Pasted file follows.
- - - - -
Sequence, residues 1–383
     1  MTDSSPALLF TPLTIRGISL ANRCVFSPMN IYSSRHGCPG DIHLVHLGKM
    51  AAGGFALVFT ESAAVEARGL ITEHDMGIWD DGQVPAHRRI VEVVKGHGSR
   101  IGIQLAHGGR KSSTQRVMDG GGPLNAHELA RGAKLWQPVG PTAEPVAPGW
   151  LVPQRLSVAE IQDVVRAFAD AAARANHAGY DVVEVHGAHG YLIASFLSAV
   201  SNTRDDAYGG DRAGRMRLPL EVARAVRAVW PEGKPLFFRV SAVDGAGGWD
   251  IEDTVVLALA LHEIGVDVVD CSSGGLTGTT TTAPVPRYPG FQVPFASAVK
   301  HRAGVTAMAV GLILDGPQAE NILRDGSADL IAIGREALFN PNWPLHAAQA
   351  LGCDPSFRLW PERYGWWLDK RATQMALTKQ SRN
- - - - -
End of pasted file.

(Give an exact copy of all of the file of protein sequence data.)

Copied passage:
Sequence, residues 1–383
     1  MTDSSPALLF TPLTIRGISL ANRCVFSPMN IYSSRHGCPG DIHLVHLGKM
    51  AAGGFALVFT ESAAVEARGL ITEHDMGIWD DGQVPAHRRI VEVVKGHGSR
   101  IGIQLAHGGR KSSTQRVMDG GGPLNAHELA RGAKLWQPVG PTAEPVAPGW
   151  LVPQRLSVAE IQDVVRAFAD AAARANHAGY DVVEVHGAHG YLIASFLSAV
   201  SNTRDDAYGG DRAGRMRLPL EVARAVRAVW PEGKPLFFRV SAVDGAGGWD
   251  IEDTVVLALA LHEIGVDVVD CSSGGLTGTT TTAPVPRYPG FQVPFASAVK
   301  HRAGVTAMAV GLILDGPQAE NILRDGSADL IAIGREALFN PNWPLHAAQA
   351  LGCDPSFRLW PERYGWWLDK RATQMALTKQ SRN